Kenya’s Long Anti-Corruption Agenda - 1952-2010: Prospects and Challenges of the Ethics and Anti-Corruption Commission Under the 2010 Constitution
James Thuo Gathii
Loyola University Chicago School of Law
November 27, 2010
Albany Law School Research Paper No. 35
In August of 2010, Kenya ratified a new Constitution which includes new measures to counter the deep rooted problem of corruption. Most importantly, it created the Ethics and Anti-Corruption Commission which will replace the Kenya Anti-Corruption Commission when Parliament passes legislation to bring it into existence. Kenya’s corruption legacy however dates back to the colonial period, and yet it was not until the 1990’s under donor pressure that established and enacted broad based anti-corruption initiatives and institutions. Since then, Kenya has made numerous efforts since that time to combat corruption with varying degrees of success. The next effort to combat corruption in the country is now constitutionally acknowledged. However, the independence of the yet to be established Ethics and Anti-Corruption Commission particularly its power to prosecute depends on whether Parliamentary legislation will do so.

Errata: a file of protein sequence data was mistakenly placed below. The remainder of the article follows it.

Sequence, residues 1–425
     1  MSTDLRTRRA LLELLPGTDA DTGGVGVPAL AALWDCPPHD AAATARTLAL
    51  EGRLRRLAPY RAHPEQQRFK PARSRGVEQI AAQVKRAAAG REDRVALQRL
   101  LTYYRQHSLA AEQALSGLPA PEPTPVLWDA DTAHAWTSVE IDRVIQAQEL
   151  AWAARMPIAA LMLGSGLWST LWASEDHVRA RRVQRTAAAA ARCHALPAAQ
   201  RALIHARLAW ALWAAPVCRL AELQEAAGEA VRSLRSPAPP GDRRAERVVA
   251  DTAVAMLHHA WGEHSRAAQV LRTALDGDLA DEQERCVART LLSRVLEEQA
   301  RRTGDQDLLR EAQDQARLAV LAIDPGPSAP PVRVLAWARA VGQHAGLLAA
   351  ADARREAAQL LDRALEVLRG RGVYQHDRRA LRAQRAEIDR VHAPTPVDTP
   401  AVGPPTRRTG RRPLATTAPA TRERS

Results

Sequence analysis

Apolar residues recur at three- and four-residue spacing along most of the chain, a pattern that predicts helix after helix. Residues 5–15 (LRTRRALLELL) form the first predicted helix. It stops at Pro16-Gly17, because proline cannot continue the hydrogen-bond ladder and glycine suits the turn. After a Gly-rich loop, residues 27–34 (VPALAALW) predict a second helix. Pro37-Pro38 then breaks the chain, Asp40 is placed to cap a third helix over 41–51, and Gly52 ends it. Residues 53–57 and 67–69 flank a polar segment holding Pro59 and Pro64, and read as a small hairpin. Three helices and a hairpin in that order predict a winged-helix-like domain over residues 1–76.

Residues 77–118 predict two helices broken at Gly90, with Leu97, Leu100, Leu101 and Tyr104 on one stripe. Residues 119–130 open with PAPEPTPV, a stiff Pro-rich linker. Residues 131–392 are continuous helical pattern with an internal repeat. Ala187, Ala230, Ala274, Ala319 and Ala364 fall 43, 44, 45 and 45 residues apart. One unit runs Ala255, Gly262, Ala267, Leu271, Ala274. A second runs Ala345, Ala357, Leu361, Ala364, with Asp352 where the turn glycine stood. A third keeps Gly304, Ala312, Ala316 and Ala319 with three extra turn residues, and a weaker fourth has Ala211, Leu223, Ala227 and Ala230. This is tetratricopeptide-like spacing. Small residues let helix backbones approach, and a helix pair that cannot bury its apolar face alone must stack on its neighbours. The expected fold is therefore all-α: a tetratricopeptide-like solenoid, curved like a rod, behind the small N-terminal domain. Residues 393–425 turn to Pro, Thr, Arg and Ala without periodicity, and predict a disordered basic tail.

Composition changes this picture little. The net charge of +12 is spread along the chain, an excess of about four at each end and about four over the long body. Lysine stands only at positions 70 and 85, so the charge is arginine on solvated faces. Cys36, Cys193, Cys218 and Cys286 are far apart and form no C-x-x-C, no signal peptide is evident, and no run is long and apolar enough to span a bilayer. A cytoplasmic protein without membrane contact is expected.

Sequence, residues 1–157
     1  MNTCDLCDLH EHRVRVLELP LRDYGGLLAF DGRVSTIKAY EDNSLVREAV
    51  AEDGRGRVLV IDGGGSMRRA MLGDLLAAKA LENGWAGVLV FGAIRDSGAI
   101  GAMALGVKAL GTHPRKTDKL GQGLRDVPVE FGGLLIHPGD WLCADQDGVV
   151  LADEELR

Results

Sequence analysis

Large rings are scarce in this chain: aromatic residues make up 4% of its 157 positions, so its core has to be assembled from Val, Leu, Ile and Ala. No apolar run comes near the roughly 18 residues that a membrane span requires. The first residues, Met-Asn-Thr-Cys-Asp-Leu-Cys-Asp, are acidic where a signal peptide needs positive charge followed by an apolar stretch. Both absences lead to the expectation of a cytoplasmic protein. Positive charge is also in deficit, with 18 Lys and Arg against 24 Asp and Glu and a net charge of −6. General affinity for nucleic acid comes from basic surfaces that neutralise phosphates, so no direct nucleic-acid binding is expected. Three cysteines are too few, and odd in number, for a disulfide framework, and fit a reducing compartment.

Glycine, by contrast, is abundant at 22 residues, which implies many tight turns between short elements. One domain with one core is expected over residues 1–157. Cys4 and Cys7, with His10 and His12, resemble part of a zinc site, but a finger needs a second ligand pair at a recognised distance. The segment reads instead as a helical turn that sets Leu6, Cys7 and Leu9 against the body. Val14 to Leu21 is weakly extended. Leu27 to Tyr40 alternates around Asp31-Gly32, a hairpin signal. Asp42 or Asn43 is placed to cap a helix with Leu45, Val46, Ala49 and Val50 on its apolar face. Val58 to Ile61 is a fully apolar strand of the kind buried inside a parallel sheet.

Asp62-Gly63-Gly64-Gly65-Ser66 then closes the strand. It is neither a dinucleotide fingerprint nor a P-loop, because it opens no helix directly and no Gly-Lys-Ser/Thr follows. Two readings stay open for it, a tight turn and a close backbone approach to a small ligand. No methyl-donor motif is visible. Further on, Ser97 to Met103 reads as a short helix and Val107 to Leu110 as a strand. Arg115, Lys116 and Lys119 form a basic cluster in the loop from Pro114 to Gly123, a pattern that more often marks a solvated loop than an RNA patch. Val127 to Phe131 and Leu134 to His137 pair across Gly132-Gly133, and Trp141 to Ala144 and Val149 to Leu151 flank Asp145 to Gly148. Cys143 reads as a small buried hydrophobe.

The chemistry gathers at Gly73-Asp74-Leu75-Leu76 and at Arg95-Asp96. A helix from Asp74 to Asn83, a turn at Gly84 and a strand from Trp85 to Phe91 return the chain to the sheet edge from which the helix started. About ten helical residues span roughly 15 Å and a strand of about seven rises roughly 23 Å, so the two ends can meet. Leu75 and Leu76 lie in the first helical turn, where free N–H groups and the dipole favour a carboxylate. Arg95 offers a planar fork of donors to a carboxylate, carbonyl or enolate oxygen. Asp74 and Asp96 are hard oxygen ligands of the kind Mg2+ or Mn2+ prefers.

This paper is the first original analysis of the tumultuous road of how Kenya has sought to deal with corruption starting with the 1952 Prevention of Corruption Act. The starts, stops, delays, failures and successes of Kenya’s numerous efforts to address corruption are critically appraised. This legacy will be instructive in designing the future Ethics and Anti-Corruption envisaged in Kenya’s 2010 Constitution.
Number of Pages in PDF File: 79
Keywords: corruption, ethics, Africaworking papers series
Date posted: December 3, 2010 ; Last revised: December 14, 2010
© 2013 Social Science Electronic Publishing, Inc. All Rights Reserved.
This page was processed by apollo4 in 0.625 seconds